"Isn't it good?" I breathed, closing my eyes and moving the tender beans around in my mouth, allowing the garlic to seep into my taste buds and saturate them all, allowing olive oil to creep over my gums, chewing gently on the thin tortilla skin.
"What dangerous largesse!" I sighed. "Isn't it fine that I've been cooking?"
At which he eased himself onto a chair next to mine, looked at me, and tried to use his fork. But couldn't seem to. So I took it from him, cutting delicately, holding up a sample, leaning over and stuffing it into his mouth. Which was rather odd, come to think about it, but present all the same.
"You'll like it," I said, smiling and thinking about the next taste—and my waiting writers.
grumblenotky? he grunted.
"Yes," I said. "Open wide." And he did, and I stuffed the hole again, and sat back, cutting a second portion for myself, not neglecting, naturally, to arrange another one for him.
I heard him chewing—or something.
"Isn't it good?" I purred.
He gurked in return. And sat there, looking away, far away, mouthing the beans and cheese, moving the garlic juices and catalytic corn taste over and around—as if his mouth were a washing machine, slish slosh.
So while he was busy, turning the fork upside down and rightside up, and squishing the enchanting enchilada, and feeling the cheese ooze into the steaming beans, and seeming to think about things, I said, "Watch this," and returned to the stove.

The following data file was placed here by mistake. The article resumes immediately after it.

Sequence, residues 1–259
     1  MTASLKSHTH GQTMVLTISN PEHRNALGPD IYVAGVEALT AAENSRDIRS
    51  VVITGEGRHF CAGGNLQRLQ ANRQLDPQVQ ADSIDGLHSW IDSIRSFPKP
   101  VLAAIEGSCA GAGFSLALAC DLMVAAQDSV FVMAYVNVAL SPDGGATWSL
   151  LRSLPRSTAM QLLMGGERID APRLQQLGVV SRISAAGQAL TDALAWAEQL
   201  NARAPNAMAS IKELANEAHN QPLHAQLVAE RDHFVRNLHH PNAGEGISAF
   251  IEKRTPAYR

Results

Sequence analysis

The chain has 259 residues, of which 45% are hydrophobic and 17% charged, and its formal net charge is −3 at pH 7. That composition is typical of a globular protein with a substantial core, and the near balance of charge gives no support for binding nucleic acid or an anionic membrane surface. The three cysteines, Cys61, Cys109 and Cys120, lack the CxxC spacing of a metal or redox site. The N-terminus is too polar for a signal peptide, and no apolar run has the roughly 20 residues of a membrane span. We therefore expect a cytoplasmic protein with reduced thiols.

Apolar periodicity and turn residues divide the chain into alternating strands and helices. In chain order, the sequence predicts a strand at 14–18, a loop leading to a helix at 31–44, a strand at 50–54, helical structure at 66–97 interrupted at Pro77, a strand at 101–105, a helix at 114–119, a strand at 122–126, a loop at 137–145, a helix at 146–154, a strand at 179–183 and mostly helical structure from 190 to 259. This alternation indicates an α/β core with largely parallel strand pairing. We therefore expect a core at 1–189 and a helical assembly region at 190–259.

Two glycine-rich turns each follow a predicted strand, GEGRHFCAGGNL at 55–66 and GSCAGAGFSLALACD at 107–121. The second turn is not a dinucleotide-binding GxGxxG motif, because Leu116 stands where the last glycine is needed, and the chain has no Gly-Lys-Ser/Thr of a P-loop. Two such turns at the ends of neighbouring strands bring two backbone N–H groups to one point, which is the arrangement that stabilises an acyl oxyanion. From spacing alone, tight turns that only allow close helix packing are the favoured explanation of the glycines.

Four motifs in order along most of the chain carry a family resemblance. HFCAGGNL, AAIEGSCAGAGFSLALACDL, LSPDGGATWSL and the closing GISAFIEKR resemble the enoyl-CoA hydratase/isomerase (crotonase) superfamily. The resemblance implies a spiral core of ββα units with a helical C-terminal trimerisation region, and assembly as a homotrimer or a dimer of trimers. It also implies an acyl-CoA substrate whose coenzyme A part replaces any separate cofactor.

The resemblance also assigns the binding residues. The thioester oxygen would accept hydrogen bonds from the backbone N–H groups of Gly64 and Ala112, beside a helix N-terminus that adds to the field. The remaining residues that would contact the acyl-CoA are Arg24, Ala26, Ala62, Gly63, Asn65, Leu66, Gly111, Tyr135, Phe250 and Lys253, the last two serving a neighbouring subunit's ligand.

But he came too. Seeming to float a bit. And I knew he was going to forget the enchiladas if I didn't pay attention, so I pushed him away. Gently. Smiling. Watching until the beans and cheese stopped slish sloshing in his washing machine. He seemed to get the point. I was connecting. Although not possibly in the way he wanted. His eyes bulged. Whatever might pass for pupils turned from slits to discs. I thought he began to whistle.
"Stay put." I held up a hand. "Watch this." Reaching beyond him—in fact, reaching across him—I scooped up two bright avocados from my grandmother's dark-brown wooden bowl that sat beside us. "These have
been created for, have dedicated their existence to, quacamole, chico." I traced their shape, my hand following their curves. They shone. Like emeralds.
"Watch this." I slithered to my cutting board.
He followed. Hovering.
"Is there something wrong with gravity?" It was like having a bat take interest. "But I digress. See, I slice them in half, remove the big-ball pits, scoop out the sublime green flesh—oh! excellent! oh chlorophyll-saturated, sunny succulence!—and place it in my blender. Want to help?"
I held the blender up. The whistling seemed to soften.
"Then I add the following three tablespoons of freshly-squeezed lemon juice—move over please—ever seen one of these?" And waved the yellow, pock-marked citrus under what seemed to be a nose. He trembled.